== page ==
The tensions facing a board of trustee model within the cultural framework of kura kaupapa Maaori : a thesis presented in partial fulfillment of the requirements for the degree of Masters of Arts in Social Policy at Massey University, Albany, New Zealand

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Massey University
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This study originated from personal experience, as a member of a Board of Trustee (BOT) within Kura Kaupapa Maaori (KKM). The workload required for Kura compliance with government regulation and legislation, was phenomenal. The BOT model seemed to be structured on a corporate model of governance with accountability to the Ministry of Education. This contradicted with the needs of Kura whaanau to be involved in Kura decisionmaking. The BOT model unintentionally created a separation and tension between whaanau and BOT members. This research set out to explore the BOT model of governance within our Kura, from a cultural perspective, rather, than researching problems identified by ERa. The research undertook a review of the literature that placed the BOT model within the 1984 -1990 Economic Reforms. It highlighted the impact of past government policies, and administration, on the Maaori language and culture to illuminate the cultural, economic, political and social context of the establishment of Kura Kaupapa Maaori and the doctrine of Te Aho Matua (TAM). The BOT model, and KKM/TAM, are founded on differing values. The study was approached from a Kaupapa Maaori perspective; not wishing to reaffirm the negative stigma of past research undertaken of Maaori. The objectives of the study were to gain an understanding of whaanau cultural capacity, perceptions and understanding of KKM and TAM; and also, whaanau understanding of the BOT model. The research design consisted of a case study. This involved a questionnaire to all whaanau; and in-depth discussions with a sample of twelve whaanau. Appropriate ethical considerations were given to the process, which addressed both academic and cultural needs. Findings clearly identify the structure, and nature of the BOT model, being problematic within the cultural framework of a KKM underpinned by Te Aho Matua. The values and principles between the model and TAM fundamentally conflict. Findings also identify key factors, that both government and Kura whaanau can utilise, in advancing whaanau governance.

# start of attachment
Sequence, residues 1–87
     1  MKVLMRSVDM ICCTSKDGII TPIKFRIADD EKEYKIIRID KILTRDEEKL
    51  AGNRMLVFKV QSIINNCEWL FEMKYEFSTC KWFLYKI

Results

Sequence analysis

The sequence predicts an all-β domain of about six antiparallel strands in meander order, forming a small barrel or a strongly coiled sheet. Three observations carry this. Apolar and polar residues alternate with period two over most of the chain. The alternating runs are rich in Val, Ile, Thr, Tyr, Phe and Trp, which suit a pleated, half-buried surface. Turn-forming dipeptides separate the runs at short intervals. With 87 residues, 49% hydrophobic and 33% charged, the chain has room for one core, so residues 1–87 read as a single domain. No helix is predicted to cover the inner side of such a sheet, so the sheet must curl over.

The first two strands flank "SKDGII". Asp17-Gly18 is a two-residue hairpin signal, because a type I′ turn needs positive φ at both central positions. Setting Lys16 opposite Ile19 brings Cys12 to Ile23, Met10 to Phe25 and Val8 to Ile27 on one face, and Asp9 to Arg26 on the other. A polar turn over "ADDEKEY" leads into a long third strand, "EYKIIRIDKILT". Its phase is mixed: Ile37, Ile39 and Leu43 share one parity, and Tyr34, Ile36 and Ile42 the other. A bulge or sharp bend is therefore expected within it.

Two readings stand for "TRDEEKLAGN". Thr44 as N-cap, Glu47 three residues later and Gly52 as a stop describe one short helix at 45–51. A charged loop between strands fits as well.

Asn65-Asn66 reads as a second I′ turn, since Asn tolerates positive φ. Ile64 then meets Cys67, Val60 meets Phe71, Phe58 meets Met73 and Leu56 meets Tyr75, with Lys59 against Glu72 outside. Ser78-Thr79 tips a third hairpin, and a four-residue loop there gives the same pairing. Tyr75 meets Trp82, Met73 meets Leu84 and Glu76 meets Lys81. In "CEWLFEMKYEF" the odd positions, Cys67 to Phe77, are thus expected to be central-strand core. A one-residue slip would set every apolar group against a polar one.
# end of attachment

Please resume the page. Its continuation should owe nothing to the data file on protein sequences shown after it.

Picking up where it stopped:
Kura kaupapa Maori, School administration, School boards, Boards of trustees, Ethnic schools, New Zealand, Māori Master's Thesis